Members of the Board of Directors and also volunteers who are familiar with the process, will start to reach out to each member to help them identify this within their country in order to start the process for recognition. "It may not be easy and certainly an intense task from each of us, but the final result is the reason all of us started with FootGolf. Let's work together and help each other reach the dream of full membership of GAISF where FootGolf is recognized as a global sport and then move towards making FootGolf an Olympic sport!" she added.
For more information on SportAccord, please click HERE.
Gianluca Bortolin became second among the seniors in Argentina. The Italian footgolfer needed a good start for this success in the last Major of the year.
Was it worth to travel across the ocean to participate in the Major in South America?
My trip to the Argentina Open was very pleasant and positive. I found an organization at the top level and of course my friends from all around the world. I felt, I was at home with my family. I wanted to thank the Argentinian guys once again for the splendid organization and hospitality.
What were the key points in your game to finish in second position?
To get in a good position, you need to start right away and so it was, but unfortunately the last day I was not able to compete on as high level as I wanted, but I am happy as I said above, all for the hospitality and the availability of the organizers.
Was it hard to prepare a tournament long like the Major?
My preparation for the tournament was as always: focus on the goal, concentrate, sacrifice and a lot of training. This mix brings you excellent results in any sport, or in work and life. It is fundamental to believe in what you do and in your abilities; for this I thank infinitely my caddy, who always gives me motivation to play my best.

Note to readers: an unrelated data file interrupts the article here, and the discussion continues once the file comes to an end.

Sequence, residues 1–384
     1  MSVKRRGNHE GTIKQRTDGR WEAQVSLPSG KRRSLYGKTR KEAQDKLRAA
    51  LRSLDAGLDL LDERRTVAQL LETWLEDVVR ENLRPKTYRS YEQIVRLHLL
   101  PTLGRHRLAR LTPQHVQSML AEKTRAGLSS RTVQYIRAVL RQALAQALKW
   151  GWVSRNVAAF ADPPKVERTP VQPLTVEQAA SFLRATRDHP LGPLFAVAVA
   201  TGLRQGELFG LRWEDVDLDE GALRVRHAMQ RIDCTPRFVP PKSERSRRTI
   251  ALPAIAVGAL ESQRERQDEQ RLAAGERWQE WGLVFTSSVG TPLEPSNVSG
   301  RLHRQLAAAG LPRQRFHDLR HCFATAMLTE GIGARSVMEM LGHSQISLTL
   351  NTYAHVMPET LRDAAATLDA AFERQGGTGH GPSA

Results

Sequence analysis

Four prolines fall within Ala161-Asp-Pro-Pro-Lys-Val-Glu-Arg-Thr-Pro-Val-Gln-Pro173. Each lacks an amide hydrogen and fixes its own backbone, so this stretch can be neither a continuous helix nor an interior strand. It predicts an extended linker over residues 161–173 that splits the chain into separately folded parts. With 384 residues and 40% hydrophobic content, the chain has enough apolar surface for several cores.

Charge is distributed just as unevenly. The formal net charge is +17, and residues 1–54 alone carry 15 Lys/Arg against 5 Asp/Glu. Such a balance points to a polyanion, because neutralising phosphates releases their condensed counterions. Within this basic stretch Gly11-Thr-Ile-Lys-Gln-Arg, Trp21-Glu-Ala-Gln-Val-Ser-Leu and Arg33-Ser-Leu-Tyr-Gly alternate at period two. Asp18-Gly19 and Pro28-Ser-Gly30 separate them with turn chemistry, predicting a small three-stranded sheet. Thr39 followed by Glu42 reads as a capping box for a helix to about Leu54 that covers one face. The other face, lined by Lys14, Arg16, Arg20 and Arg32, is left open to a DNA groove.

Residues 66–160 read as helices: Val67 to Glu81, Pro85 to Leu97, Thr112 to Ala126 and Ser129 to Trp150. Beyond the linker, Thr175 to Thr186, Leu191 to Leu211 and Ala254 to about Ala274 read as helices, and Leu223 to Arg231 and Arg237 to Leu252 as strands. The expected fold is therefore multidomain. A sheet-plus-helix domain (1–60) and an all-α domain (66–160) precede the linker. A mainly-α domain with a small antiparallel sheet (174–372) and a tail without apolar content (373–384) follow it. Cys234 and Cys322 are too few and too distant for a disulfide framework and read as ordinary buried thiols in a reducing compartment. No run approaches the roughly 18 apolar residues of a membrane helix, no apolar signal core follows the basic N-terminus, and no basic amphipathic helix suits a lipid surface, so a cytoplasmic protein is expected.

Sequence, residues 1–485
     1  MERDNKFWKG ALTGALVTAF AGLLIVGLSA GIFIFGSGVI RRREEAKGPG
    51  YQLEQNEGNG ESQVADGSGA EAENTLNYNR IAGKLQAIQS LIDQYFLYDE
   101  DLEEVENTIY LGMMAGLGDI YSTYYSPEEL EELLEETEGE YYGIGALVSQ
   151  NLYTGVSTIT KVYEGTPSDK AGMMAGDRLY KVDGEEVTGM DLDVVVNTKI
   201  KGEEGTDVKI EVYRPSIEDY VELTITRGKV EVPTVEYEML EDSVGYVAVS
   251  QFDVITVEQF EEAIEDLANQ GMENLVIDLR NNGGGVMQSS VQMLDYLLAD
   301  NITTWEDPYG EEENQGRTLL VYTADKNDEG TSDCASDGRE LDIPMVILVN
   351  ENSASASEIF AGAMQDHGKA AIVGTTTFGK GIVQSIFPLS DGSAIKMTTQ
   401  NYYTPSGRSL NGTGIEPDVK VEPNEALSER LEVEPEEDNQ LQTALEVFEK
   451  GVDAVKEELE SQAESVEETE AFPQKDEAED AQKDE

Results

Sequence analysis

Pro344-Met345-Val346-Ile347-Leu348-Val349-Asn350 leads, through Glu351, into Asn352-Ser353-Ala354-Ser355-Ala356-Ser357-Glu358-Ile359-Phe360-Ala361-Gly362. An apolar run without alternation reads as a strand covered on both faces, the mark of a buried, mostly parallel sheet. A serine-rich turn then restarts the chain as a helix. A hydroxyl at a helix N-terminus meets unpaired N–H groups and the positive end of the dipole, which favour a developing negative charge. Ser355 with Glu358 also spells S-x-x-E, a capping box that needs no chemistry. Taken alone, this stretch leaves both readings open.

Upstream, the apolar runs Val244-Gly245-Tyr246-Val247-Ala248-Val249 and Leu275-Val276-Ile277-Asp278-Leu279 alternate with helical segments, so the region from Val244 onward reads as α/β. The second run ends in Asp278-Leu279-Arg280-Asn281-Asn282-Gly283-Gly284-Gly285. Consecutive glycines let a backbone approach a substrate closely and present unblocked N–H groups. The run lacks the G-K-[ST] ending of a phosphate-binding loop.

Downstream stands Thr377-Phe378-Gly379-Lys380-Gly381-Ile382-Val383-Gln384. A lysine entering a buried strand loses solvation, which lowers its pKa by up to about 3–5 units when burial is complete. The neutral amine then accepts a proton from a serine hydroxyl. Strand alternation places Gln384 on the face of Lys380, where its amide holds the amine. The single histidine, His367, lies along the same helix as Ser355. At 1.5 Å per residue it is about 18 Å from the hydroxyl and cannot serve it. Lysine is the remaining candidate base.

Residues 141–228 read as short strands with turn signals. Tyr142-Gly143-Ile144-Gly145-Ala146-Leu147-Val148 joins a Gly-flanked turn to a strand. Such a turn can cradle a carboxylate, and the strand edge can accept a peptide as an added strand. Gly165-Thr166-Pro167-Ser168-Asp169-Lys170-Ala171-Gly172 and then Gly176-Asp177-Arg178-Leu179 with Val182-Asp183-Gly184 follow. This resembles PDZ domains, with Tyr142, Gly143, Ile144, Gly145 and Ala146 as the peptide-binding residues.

The 2019 Yamaha FootGolf Asia Cup was held in Australia. Tsubasa Yasumura was victorious in the individual competition. The Japanese player found the passion in his life thanks to FootGolf.
How have you been prepared for the continental competition?
In order to win the Asian Cup this season, I participated in tournaments in various countries, observed various players and tried to upgrade their skills, strategy, mental and so on. I am very happy being able to win the championship.
What was the key to success?
The Asian Cup used two courses with different properties. The key was that I was able to focus on my course, calmly strategize and select the skills with confidence. Above all, the course in Australia was a great environment.
What does FootGolf means to you?
I have been playing the sport for five years. FootGolf gave me the curiosity to challenge my life with passion. And the game made many friends from all over the world.
Jen Broughall travelled across the world to compete on the last Major of the year. She went back with 1000 ranking points in her luggage.
“The experience was amazing, the hospitality from the organisation was brilliant. The VIP tent for the leaders was a really nice touch.” - summarized Jen Broughall (UK) her trip to Argentina to participate in the Major, where she became the best lady.
“I played really well this weekend, kept things really simple and steady, didn’t go for shots that would put me in trouble. My putting and tee offs were the strongest part of my game this weekend.“ - detailed her performance, which ended with her victory, beating Jo Reid by 8 shots.
“Preparation for me is more mental than physical, I know what I’m capable of but mentally you need to be strong before and during the event, if you make a mistake you need to forget it and move on to the next shot or hole.” - said about the balance she uses in her preparation.